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BALTIMORE — Art museums can be somber places.  All that angst.  All that ambition.  All that money.  A stroll through MoMA is a lesson in the art business as much as art history.  But here on the edge of Baltimore’s Inner Harbor, one museum has a vision.


   Perhaps you “know nothing about art but know what you like.”  Then step into the old Baltimore Copper Paint building and see if you like. . .

— a 16-foot Lusitania made from 194,000 toothpicks

— a cabinet of PEZ dispensers

— a 1970s muscle car festooned with blue milk of magnesia bottles

— exhibitions titled “High on Life,” “Wind in My Hair,” “The Big Hope Show,” and “All Things Round: Galaxies, Eyeballs, and Karma.”

The American Visionary Art Museum has a vision, all right.  And that vision doesn’t much care whether you A) like the art; B) say “my kid could do that;” or C) even consider it (ahem!) art.  Opened in 1995 and instantly hailed as “one of the most fantastic museums anywhere in America,” AVAM has sculpted its own image ever since.  

AVAM is America’s home for Art Brut (“raw art”).  The term was coined by French sculptor Jean Dubuffet, a contemporary of Picasso who turned from early success to the art of outcasts — mental patients, children, prisoners, and “self-taught” artists.  Art Brut, Dubuffet said, celebrates “works created from solitude and from pure and authentic creative impulses.”


Dubuffet is the patron saint of AVAM, but its guiding light is founder Rebecca Alban Hoffenberger.  Once hailed as “the P.T. Barnum of the art world,” Hoffenberger is as colorful as AVAM’s walls.  Born in a Baltimore suburb, she dodged college in the late Sixties to study mime in Paris.  What followed was a kaleidoscopic vision uniquely her own.  

Marriages, daughters, and a stint on the Seventies post-hippie trail led Hoffenberger to Boulder, to Mexico and back, dabbling in psychic arts, ballet, and humanitarian aid.  Then in 1985, she visited Dubuffet’s Collection de l’art Brut in Lausanne, Switzerland.  Here was art not just with a mind but with a heart.  Not some fine sculpture by someone trained in “the academy.”  Not another abstract worth untold millions.  This was art, as Hoffenberger describes AVAM, made by “farmers, housewives, mechanics, the disabled, the homeless. . . all inspired by the fire within.”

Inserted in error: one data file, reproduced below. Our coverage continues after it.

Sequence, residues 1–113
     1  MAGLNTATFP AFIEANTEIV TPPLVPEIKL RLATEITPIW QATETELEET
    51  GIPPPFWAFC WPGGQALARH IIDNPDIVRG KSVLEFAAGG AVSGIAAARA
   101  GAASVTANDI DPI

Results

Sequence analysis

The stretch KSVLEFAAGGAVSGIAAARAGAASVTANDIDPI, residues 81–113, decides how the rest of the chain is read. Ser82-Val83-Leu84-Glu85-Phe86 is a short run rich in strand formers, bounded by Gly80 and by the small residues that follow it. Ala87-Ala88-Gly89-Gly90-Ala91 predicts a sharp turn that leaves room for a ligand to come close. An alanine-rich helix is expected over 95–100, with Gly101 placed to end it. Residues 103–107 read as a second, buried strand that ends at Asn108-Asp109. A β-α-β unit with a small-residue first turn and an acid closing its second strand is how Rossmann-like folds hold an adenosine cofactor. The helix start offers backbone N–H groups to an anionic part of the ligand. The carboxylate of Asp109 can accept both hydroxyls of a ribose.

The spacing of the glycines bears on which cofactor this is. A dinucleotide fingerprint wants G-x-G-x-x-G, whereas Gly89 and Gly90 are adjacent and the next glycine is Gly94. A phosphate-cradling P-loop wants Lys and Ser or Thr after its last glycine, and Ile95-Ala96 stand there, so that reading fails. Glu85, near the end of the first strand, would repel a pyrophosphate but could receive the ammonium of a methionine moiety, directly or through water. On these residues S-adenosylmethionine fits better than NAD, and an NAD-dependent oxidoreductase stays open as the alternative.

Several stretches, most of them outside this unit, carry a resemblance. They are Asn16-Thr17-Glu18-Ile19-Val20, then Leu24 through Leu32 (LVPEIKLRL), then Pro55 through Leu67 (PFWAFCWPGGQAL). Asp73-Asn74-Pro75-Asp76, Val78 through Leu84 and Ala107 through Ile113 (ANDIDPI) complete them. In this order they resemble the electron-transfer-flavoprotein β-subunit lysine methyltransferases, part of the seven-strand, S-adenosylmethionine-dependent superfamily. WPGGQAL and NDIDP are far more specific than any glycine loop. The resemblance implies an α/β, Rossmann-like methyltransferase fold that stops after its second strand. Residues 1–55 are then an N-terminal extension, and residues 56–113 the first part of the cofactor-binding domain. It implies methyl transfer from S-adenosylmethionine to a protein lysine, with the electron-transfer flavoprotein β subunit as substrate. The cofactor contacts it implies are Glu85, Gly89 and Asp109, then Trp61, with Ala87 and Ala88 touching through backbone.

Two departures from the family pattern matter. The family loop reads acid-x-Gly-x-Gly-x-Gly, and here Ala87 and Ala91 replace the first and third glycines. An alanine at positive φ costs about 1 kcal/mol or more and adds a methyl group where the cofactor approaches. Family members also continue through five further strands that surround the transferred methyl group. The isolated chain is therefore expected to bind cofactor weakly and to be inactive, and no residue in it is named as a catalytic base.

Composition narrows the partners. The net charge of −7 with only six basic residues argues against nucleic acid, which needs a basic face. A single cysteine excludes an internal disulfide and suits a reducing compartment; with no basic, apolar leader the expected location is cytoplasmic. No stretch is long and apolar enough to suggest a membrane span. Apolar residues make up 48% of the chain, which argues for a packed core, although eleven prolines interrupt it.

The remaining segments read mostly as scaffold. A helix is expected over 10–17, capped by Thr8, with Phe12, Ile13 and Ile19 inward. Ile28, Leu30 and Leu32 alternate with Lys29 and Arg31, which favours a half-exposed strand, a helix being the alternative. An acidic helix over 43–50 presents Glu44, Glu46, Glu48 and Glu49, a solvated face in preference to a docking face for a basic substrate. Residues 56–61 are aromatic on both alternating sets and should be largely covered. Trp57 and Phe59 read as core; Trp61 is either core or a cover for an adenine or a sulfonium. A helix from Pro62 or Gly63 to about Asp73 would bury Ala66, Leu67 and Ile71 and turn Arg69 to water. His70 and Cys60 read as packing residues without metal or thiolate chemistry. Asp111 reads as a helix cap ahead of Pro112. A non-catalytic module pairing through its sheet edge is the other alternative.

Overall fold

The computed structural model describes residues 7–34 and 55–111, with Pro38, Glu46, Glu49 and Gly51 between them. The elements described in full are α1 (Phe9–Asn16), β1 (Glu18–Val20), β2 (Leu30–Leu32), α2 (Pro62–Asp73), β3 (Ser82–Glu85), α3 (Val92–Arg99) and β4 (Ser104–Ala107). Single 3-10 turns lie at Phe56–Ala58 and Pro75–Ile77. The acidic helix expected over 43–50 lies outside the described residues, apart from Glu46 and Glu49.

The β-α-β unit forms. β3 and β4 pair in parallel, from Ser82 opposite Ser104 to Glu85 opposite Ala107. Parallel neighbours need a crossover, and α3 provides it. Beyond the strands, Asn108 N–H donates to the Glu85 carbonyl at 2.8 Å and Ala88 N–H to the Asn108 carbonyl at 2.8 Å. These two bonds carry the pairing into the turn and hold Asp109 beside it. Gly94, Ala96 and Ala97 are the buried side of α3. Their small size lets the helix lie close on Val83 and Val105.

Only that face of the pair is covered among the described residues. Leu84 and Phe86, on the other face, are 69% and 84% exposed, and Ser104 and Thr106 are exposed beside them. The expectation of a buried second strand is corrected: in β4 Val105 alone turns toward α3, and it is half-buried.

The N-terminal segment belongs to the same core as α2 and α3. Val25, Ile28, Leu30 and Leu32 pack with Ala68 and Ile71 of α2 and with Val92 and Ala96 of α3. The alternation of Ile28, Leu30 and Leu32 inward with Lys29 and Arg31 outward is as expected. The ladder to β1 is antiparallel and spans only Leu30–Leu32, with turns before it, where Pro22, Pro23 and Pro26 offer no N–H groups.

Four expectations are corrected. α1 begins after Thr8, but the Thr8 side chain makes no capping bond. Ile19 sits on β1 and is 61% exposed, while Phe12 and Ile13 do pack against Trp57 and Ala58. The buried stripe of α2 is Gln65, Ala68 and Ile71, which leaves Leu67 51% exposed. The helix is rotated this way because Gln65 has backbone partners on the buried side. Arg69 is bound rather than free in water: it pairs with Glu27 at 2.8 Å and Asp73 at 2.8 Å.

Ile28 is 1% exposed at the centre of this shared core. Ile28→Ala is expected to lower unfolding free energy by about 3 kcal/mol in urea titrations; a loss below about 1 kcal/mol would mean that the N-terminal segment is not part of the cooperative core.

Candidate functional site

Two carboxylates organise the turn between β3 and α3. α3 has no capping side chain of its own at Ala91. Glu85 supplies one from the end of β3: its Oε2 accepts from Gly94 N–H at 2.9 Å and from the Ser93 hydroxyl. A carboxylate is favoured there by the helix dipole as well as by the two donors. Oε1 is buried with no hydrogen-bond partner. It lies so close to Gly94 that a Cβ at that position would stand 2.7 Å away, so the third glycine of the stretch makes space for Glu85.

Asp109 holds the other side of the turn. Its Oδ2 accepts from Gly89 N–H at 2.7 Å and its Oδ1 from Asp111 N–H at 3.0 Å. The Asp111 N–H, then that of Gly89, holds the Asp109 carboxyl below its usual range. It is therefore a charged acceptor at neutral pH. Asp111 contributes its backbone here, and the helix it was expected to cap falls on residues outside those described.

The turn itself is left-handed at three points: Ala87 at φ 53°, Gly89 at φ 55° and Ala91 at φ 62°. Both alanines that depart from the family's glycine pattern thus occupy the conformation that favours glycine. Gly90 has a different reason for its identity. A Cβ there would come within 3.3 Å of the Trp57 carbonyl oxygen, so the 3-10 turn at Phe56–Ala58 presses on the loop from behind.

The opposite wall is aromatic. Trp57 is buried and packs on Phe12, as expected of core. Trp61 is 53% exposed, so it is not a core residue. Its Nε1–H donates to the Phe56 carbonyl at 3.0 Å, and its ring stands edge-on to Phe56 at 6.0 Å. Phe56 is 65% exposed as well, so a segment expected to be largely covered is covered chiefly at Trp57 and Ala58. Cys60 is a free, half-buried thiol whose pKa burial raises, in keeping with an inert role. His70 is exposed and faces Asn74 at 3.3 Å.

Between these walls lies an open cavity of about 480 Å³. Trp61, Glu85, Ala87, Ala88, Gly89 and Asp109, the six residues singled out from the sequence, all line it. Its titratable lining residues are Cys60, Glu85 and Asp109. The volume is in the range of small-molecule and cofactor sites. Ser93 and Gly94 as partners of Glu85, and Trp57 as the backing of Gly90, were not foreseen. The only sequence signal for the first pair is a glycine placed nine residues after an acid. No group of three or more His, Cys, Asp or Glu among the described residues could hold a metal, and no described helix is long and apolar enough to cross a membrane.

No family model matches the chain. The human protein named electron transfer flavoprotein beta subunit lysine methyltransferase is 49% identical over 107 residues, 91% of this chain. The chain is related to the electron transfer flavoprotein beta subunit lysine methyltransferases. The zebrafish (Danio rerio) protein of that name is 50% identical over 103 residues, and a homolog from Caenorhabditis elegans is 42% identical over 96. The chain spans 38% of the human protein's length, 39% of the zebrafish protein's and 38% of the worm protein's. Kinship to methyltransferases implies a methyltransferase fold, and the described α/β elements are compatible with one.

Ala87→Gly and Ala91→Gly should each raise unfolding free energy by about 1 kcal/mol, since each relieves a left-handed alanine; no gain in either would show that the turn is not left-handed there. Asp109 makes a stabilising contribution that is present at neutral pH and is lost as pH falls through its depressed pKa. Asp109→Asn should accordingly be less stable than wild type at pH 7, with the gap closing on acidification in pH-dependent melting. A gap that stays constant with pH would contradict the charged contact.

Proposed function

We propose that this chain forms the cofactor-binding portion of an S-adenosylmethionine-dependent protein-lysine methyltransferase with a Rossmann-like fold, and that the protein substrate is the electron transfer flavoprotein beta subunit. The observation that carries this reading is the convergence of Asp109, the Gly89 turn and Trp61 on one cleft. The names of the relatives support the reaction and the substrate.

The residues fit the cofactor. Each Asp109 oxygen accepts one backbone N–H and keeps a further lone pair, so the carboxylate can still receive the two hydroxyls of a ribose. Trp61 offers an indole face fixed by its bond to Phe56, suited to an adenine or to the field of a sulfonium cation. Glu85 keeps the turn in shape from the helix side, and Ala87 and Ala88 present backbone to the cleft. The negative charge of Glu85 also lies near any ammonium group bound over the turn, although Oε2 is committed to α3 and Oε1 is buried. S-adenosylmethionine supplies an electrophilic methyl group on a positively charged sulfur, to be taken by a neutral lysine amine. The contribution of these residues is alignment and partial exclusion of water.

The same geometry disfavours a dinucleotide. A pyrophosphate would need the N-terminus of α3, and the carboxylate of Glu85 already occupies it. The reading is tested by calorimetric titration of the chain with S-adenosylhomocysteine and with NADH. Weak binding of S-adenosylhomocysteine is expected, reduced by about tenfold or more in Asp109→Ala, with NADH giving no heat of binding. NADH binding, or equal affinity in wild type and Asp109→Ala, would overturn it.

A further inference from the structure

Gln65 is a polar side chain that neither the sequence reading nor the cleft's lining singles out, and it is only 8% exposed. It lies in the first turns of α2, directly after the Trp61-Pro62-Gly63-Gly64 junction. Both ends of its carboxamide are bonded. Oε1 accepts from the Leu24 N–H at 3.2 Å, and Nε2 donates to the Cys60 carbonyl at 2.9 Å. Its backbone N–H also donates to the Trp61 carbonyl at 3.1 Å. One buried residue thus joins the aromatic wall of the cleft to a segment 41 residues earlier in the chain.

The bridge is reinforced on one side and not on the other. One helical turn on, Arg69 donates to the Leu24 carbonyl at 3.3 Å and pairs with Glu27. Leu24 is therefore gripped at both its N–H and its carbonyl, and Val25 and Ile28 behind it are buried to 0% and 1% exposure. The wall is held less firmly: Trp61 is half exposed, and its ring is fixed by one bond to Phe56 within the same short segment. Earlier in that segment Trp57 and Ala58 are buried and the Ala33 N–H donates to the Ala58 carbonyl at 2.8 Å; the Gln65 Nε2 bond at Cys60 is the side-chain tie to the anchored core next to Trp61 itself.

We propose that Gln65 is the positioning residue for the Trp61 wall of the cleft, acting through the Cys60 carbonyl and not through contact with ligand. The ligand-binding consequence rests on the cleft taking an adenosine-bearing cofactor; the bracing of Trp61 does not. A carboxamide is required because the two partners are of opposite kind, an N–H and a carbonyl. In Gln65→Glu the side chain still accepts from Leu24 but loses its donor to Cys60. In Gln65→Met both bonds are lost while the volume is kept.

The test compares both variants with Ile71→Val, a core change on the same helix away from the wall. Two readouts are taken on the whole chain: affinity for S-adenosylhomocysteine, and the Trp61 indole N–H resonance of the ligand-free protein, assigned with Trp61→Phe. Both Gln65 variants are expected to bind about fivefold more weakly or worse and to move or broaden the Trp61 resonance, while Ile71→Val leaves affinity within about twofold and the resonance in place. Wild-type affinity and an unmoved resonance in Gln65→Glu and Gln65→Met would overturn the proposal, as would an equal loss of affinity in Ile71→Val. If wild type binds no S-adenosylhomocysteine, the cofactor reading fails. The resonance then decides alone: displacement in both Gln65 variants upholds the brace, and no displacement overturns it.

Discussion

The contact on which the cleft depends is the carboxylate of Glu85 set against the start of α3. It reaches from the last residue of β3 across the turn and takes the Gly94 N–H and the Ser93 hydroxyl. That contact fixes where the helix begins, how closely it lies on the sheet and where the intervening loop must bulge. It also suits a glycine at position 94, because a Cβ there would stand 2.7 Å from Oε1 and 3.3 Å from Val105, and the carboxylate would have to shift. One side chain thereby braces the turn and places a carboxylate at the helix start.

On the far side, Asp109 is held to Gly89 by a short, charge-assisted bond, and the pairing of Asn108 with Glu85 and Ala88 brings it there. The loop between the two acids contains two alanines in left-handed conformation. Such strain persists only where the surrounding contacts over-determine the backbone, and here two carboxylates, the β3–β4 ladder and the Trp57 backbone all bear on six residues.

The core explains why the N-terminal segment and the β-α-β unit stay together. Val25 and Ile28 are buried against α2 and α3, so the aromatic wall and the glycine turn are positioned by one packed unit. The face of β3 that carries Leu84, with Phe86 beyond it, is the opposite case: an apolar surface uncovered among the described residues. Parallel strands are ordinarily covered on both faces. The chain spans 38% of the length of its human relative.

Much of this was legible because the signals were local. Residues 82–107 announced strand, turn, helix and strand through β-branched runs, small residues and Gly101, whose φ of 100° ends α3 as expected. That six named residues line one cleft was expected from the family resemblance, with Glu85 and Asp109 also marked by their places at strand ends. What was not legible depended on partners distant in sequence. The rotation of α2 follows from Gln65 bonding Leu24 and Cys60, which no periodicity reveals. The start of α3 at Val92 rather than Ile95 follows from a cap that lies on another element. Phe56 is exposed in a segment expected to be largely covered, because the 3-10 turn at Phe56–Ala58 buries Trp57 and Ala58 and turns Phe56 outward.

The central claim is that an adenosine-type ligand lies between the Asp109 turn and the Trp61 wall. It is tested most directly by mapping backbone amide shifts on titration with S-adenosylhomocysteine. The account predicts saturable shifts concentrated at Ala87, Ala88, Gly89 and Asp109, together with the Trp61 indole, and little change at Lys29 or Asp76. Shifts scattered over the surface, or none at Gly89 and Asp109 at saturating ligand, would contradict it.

Returning to America, Hoffenberger focused her kaleidoscope on an idea.  Why not start a raw art museum in that bastion of Bohemia — Baltimore.

Hoffenberger convinced city officials to donate a site a mile from where Francis Scott Key wrote “The Star Spangled Banner.”  Donations and grants followed, and in November 1995, the museum opened.  Its collection began with 400 works by mental patients and has since expanded to 4,000 items.  


Dozens are on display in two converted warehouses.  As original as the art itself are the artist bios. Many tell tragic tales, not of art school but of reform school, jail, abuse and alcohol.  But beside each bio is each visionary’s answer and antidote — Art.  Some of it is raw, but much of it is beautiful or beautifully different.  And all of AVAM’s art follows the museum’s core value — “Never bore — enchant.”

Hoffenberger admits to having “no background in the arts.  Everything I do is intuitive.”  Her intuition led her to hire guest curators for each rotating exhibition.  From “Tree of Life” to “What Makes us Smile,” each explores “one grand, spirited theme that has inspired or bedeviled humankind from the get go.”  And each exhibit unfolds in galleries replete with a Bartlett’s of quotations.  The current show, “Parenting: An Art Without a Manual,” cites wisdom from Einstein, Rumi, Bette Davis, Tolstoy, Aesop, and the TV show “The Big Bang Theory.”

The Art World is not amused.  Some dismissed Hoffenberger’s taste as “splashy, loud, cute, and funny.”  True to her vision, she doesn’t care. “'I have no interest in being a player in the art world,” she told the New York Times.  AVAM will never become “'a repository for dead objects that we're supposed to revere because someone says they're worth something.'' 

AVAM’s vision also involves the community.  The museum has hired the homeless, helped “at risk” kids make murals, and helped Baltimore become one of America’s wackiest cities.  AVAM is beloved for hosting parties, weddings, all-night goddess sleepovers, and an annual kinetic sculpture race that sends huge human-powered dragons and other delights careening along the Inner Harbor.  This year’s race, with prizes to both the Grand Mediocre East Coast Champion and the Next-to-Last Finisher, is on May 4.

So you don’t like “The World’s First Family of Robots?”  Maybe a Giant Gold Hand makes you long for Monet’s water lilies?  The artists at AVAM don’t care.  They didn’t make art for you — they made art to match their visions.

“Visionaries perceive potential and creative relationships where most of us don't,” Hoffenberg said.  “Without visionaries' willingness to be called fools, to make mistakes, to be wrong, few new 'right' things would ever be birthed.”